Brexit: Is the outcome better than no agreement?
2021 dawned, and, four and a half years after the EU Referendum vote, the UK has finally left the EU in practice, as opposed to in theory in January 2020. The transition phase has ended and EU law no longer applies in principle to the UK or UK citizens. Only it was not really a transition, or implementation phase, because there was no time for businesses and citizens in the UK and the EU to prepare for the changes under the agreement on the future relationship. The terms of the EU-UK Partnership Agreement for Trade and Cooperation were not concluded until 24 December 2020, leaving 7 days before the end of 2020 for businesses and citizens to get ready in earnest for the concrete consequences of the UK’s exit.
So is the outcome better than no agreement? Clearly, any agreement is better than no agreement at all and it is an agreement that can be built on, if the will exists on both sides. Overall, it is certainly to be hoped that this is merely the beginning. But, as the EU notes in its explainer just published, this agreement is unique among EU-negotiated trade agreements because it deals with the management of divergence, rather than convergence, going forward. This fact, the potential early steps in divergence, and the review periods built into the agreement, imply more instability than is usual in international trade agreements.
Despite the short timeframe in which the agreement was negotiated, the agreement, including Annexes, nevertheless runs to nearly 1300 pages. The main body of the text is however just over 400 pages, similar to the Withdrawal Agreement, and is limited in its coverage.
Trade in goods is dealt with in more detail than services, and zero tariffs and quotas were agreed, which, while not comparable to single market access, are clearly much better than trading on WTO terms. However, no frictionless trade or obligation to reduce checks concerning sanitary and phytosanitary requirements at borders is guaranteed, as Scottish fish and shellfish suppliers to the EU unfortunately found out to their cost in the first two weeks of the New Year.
The trade in services provisions, where the EU only has a slight positive balance vis-à-vis the UK, are significantly inferior to EU membership: a consequence of the UK government’s decision to prioritise regaining sovereignty, exiting the single market and ending free movement over attempting to retain previous levels of access to the EU market. Notably, the agreement fails to ensure the EU-wide recognition of UK qualifications, or passporting rights for financial services. The former applies whether or not the holder is British or an EU citizen. For example, a doctor (whether British or an EU national) with a UK title who currently obtains automatic recognition of her/his qualifications across the EU, will need to obtain recognition under national rules in each EU country in which she/he wishes to work. Similarly, lawyers with UK titles may be able to register to practise as third country national lawyers in home country and international law in an EU country but registering to do so will be subject to the national law of each country. This is a far cry from the current extensive rights to practise and of establishment under UK qualifications, and to have these recognised under EU law across the EU. The parties have agreed to keep talking on this subject.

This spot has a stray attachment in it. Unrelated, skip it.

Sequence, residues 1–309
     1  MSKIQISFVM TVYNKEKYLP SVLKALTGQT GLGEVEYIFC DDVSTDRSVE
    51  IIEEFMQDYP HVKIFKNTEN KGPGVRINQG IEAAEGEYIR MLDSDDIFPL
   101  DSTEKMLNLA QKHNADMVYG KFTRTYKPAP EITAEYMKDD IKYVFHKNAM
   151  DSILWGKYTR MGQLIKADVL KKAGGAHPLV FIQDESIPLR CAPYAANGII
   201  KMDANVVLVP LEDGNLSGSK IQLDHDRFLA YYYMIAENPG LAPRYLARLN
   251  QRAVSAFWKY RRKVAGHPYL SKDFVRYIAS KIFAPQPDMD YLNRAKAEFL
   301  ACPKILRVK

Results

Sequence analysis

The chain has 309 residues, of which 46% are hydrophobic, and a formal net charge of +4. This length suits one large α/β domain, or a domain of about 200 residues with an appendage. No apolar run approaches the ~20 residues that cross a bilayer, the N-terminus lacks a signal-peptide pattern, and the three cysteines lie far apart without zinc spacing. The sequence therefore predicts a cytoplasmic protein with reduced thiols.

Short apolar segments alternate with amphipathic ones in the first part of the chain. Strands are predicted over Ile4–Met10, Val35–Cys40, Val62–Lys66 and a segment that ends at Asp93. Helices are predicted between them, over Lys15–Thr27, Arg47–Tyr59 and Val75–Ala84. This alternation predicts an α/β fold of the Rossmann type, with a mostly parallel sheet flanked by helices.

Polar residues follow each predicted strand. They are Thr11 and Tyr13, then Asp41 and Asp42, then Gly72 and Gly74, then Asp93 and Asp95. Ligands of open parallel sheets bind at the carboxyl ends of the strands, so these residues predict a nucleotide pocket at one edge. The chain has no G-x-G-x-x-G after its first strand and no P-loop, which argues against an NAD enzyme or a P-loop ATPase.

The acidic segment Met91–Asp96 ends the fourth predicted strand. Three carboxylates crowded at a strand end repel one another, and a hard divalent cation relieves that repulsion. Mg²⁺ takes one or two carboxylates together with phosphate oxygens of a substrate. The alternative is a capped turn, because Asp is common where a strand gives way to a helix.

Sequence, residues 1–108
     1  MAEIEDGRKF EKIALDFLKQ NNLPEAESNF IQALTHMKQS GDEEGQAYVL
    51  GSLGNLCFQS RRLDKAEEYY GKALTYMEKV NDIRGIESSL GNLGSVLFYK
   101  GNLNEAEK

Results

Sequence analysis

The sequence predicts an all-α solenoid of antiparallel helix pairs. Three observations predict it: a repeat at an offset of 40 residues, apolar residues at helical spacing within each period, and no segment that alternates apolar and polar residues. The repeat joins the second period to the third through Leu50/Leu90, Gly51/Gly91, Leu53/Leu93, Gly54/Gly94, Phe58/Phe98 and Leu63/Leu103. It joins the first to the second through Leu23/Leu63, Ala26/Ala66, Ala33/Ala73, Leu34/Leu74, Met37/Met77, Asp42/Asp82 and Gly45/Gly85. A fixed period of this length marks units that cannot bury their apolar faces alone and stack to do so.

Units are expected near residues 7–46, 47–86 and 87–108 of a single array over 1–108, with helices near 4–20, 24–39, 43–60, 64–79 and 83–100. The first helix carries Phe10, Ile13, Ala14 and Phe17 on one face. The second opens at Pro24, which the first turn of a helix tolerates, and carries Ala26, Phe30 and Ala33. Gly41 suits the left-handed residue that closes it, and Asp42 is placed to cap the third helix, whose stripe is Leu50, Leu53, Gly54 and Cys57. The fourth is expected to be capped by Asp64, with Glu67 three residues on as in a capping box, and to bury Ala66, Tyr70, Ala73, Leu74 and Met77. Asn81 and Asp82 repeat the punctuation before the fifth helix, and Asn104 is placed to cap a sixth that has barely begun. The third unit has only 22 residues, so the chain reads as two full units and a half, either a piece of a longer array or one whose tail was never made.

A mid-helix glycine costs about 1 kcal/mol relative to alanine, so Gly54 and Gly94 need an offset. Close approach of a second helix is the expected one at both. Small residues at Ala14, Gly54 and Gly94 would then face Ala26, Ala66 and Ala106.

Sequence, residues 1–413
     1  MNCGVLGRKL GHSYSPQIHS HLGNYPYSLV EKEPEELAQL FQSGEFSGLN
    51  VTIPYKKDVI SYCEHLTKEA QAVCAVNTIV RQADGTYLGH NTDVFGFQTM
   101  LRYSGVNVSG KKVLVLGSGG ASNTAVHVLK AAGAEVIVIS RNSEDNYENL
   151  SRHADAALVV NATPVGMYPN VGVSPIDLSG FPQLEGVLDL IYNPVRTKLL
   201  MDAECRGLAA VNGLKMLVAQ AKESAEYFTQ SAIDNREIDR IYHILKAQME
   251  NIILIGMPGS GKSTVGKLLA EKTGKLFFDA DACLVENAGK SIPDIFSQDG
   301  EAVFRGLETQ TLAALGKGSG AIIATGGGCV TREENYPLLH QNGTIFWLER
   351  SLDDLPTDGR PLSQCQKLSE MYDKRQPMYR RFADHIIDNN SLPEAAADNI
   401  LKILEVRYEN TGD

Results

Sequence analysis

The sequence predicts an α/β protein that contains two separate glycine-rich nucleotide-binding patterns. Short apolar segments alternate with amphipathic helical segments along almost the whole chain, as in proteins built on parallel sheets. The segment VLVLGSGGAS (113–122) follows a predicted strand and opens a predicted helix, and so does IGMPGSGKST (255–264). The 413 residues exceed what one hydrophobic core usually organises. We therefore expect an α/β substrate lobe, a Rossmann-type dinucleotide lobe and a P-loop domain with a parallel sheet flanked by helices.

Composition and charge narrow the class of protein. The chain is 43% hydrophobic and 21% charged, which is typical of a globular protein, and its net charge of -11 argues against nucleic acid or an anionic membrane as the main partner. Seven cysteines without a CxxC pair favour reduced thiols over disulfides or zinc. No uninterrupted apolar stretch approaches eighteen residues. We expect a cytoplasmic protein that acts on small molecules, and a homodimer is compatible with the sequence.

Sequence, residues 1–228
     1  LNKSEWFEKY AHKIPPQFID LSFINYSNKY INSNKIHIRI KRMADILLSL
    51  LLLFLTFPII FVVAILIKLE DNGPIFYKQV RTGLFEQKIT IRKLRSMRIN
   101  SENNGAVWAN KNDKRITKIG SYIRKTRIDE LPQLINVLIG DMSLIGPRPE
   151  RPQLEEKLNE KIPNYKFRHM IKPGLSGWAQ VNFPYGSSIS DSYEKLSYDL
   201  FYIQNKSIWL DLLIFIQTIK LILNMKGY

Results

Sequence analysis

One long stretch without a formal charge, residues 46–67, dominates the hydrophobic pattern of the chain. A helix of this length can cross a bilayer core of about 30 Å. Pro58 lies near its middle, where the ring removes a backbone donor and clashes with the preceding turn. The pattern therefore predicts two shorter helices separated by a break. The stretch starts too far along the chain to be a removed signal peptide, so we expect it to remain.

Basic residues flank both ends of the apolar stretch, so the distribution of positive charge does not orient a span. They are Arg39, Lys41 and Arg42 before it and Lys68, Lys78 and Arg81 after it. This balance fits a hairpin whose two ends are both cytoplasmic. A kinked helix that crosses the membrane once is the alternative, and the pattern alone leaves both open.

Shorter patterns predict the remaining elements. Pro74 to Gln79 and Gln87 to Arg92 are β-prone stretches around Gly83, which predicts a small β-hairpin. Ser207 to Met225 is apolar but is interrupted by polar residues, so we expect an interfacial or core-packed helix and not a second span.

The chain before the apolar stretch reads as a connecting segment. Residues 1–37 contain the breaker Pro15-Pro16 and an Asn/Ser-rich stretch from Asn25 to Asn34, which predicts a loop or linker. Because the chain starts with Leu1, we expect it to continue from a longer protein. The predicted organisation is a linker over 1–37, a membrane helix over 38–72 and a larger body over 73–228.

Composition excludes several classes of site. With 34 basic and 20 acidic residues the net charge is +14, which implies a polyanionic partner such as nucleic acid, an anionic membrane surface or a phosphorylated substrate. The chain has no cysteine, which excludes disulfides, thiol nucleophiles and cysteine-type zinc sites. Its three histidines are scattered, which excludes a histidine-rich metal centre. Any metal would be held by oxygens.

As the UK decided to end free movement of EU citizens to the UK (and thus, due to reciprocity, of UK citizens to the EU), EU-UK business travel will also be subject to restrictions – and paperwork. Temporary movement of key categories of professionals will be covered subject to conditions. But, for example, young British musicians will no longer be able to tour EU countries without filling out a considerable amount of paperwork.
For those mobile citizens – the 5 million UK citizens in the EU and EU citizens in the UK – whose rights were already agreed in the Withdrawal Agreement, this came as no surprise, given the UK government’s red lines. Our rights have to a large extent been guaranteed but only in our current country of residence. Where our qualifications have been recognised in our country of residence, those recognition decisions will be grandfathered, but we will also lose EU-wide recognition of our qualifications. For UK citizens in the EU, this means that, outside of their country of residence, they will not have substantially better rights than UK citizens who never left the UK. On the other hand, it means that UK nationals already in Germany before end 2020, generally well-educated and skilled members of the workforce, will still have full rights to work here for German employers or as self-employed workers. The rights of those who arrive from 2021 will not be equivalent.
Many of these mobile citizens, not content with limits to the rights they had under the Withdrawal Agreement, decided to be pro-active and remedy some of the impact through taking citizenship in the country where they lived. This is not a panacea but is positive, and does offer hope for future EU-UK relations, as they have taken the integration they achieved through free movement to a new level.
This is particularly true of the British population in Germany – between 2016 and 2019, 31,600 UK nationals became German citizens and we expect that 2020 will see further record numbers. It includes high profile British citizens like Simon Rattle. Along with other traditional means of building bridges between countries such as school and cultural exchanges, youth movements and twinning, this group of British-Germans and their German counterparts in the UK represent a huge opportunity for German-UK relations, which should be harnessed pro-actively across the board – in business, politics and cultural life.
Lawyer specialised in EU law and
Co-Chair, British in Europe/Chair, British in Germany e.V.